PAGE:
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Michael Martin

Churches Exempted From Recent Tightening of Covid-19 Restrictions

Michael MartinIn these challenging times it is sometimes difficult to keep up-to-date with the rapidly changing government response to the Covid-19 pandemic.

A number of church leaders have been contacting EAI to ask how recent changes in legislation and guidelines affect churches.


Places of worship were exempted from the recent reduction in numbers allowed in indoor gatherings. This means that the basic limit for churches remains at 50 people.However, a special protocol exists for larger places of worship where increased numbers can be accommodated if the following rules are followed:

  1. Worshippers must be seated in zones of 50, with each zone having its own unique entrance / exit.
  2. A distance of 4 metres must separate each zone.
  3. No movement or interaction is permitted between zones. For example, people cannot cross from one zone to another. Nor can people pass through one zone (even if no-one is seated in it yet) to get to another zone.
  4. 2-metre physical distancing must still be observed within each zone.
  5. Objects (such as offering baskets) cannot be passed from one zone into another.

The design of most evangelical church buildings will not facilitate this special protocol, but some can utilise it. For example, it can be seen that a large cathedral-type building with 3 separate entrances could accommodate 150 people in a service by operating 3 zones.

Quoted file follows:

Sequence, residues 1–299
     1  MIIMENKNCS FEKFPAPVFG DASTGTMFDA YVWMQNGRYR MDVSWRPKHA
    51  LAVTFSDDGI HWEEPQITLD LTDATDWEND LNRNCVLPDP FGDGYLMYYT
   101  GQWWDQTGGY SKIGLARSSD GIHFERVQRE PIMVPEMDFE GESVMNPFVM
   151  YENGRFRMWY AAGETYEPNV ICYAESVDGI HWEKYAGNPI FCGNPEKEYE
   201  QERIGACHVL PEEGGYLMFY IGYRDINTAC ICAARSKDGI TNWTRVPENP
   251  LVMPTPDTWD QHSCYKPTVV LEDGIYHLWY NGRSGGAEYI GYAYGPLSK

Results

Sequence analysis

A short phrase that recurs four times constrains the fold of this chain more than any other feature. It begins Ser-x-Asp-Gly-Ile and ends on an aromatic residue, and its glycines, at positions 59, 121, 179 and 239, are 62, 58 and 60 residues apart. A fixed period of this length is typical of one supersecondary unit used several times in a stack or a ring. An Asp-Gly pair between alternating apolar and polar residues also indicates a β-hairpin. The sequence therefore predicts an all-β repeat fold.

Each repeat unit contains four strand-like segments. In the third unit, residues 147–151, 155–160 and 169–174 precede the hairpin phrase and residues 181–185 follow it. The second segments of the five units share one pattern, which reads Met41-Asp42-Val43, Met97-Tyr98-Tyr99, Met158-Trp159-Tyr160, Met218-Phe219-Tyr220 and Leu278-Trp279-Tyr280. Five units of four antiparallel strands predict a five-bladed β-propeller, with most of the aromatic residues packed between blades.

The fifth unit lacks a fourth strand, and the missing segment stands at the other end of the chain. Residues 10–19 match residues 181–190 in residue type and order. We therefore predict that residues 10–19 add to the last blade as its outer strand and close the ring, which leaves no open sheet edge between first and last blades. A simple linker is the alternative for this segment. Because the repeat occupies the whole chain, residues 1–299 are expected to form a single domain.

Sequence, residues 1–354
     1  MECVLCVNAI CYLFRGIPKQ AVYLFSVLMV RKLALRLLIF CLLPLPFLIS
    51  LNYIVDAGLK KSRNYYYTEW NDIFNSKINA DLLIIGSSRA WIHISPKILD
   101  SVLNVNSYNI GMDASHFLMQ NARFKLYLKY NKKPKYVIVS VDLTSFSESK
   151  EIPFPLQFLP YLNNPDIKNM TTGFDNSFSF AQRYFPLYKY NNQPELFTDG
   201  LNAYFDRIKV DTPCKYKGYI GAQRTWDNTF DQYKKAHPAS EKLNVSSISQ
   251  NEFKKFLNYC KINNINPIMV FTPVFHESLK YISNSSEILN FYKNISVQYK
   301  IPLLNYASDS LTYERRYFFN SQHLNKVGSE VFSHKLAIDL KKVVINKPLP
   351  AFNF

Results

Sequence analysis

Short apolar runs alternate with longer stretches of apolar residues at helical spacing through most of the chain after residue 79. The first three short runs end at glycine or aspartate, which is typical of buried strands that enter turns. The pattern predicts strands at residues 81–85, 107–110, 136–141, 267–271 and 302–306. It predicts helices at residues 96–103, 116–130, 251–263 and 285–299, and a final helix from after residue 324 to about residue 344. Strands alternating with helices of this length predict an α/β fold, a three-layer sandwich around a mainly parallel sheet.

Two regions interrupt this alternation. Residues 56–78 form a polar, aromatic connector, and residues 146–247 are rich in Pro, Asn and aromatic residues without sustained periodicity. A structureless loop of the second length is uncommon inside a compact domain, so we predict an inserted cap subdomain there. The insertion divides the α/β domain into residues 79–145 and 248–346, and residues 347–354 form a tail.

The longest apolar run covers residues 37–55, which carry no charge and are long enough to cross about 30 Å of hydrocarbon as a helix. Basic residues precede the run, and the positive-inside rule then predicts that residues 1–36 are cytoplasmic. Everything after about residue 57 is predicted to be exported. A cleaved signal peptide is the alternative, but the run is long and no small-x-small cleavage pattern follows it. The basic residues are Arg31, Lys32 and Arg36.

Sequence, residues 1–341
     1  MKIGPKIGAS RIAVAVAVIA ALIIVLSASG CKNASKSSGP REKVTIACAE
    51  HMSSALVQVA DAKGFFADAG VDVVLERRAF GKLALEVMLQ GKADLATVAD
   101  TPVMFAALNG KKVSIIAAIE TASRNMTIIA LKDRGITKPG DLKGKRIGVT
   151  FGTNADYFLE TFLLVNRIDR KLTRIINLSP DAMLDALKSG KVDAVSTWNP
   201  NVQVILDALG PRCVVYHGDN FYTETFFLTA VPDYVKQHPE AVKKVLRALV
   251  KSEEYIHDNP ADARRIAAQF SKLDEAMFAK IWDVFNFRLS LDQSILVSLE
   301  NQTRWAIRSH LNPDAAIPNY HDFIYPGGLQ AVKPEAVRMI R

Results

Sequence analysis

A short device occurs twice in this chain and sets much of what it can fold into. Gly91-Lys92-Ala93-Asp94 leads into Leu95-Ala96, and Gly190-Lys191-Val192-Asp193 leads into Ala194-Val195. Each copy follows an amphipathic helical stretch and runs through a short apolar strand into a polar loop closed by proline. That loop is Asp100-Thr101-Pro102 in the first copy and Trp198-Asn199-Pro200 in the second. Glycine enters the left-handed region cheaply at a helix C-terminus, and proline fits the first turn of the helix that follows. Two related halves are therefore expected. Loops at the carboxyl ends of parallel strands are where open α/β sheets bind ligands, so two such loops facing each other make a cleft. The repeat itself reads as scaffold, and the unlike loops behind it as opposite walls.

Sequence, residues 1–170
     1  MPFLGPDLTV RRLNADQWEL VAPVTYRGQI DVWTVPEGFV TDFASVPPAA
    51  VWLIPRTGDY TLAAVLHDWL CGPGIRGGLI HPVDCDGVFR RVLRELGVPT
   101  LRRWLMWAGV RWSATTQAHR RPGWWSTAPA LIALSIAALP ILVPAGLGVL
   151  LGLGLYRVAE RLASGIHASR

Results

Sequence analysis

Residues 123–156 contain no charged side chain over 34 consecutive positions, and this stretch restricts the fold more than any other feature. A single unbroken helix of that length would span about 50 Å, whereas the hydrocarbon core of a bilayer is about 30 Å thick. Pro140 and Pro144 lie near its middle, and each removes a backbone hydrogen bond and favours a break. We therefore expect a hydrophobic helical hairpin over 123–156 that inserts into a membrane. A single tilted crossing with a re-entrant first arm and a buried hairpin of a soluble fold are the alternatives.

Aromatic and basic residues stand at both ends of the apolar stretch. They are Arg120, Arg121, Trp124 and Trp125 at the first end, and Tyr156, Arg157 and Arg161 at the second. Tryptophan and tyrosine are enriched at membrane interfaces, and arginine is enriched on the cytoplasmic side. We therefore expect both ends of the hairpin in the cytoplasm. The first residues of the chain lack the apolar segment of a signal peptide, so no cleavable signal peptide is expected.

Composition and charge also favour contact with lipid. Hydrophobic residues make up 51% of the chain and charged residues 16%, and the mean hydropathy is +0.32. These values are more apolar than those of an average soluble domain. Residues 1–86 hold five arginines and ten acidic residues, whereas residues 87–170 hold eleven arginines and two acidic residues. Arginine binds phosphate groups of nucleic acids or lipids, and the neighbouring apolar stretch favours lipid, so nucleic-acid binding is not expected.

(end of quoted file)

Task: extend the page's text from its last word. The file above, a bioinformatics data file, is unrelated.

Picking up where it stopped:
EAI would stress that it is vital that churches taking advantage of this special protocol strictly observe these conditions, even if we cannot see the point of them. Quite apart from our desire to protect personal and public health, failure to follow them could invalidate a church’s liability insurance in the event of someone contracting Covid-19, or could result in extremely bad publicity for a church, resulting in this special protocol being rescinded. Just think of the video footage of a Dublin bar failing to observe their regulations which has been endlessly replayed on television and social media over the last few days.

You can access more detailed advice and guidelines about operating church services safely and legally at


Nick Park with facemaskRecent legislation mandated face coverings in a wide range of public settings. However, places of worship are not covered by this legislation, so it is not a legal requirement to wear a mask in church. However, the case for wearing face coverings in indoor public settings gets stronger every day. Wearing face coverings, if not legally required in churches, is certainly recommended. Some churches already insist on face coverings, while others recommend the practice but stop short of making masks mandatory.

Since this pandemic looks like it might be with us for a long time, it might be worth getting masks printed with your church’s logo to create a witnessing opportunity.

The leaders of the Church of Ireland, Roman Catholic, Methodist and Presbyterian churches recently issued a strong statement on the wearing of masks. You can read it here:

May God continue to sustain and direct each and every church congregation, leader and individual believer as we seek to negotiate this new social and religious landscape.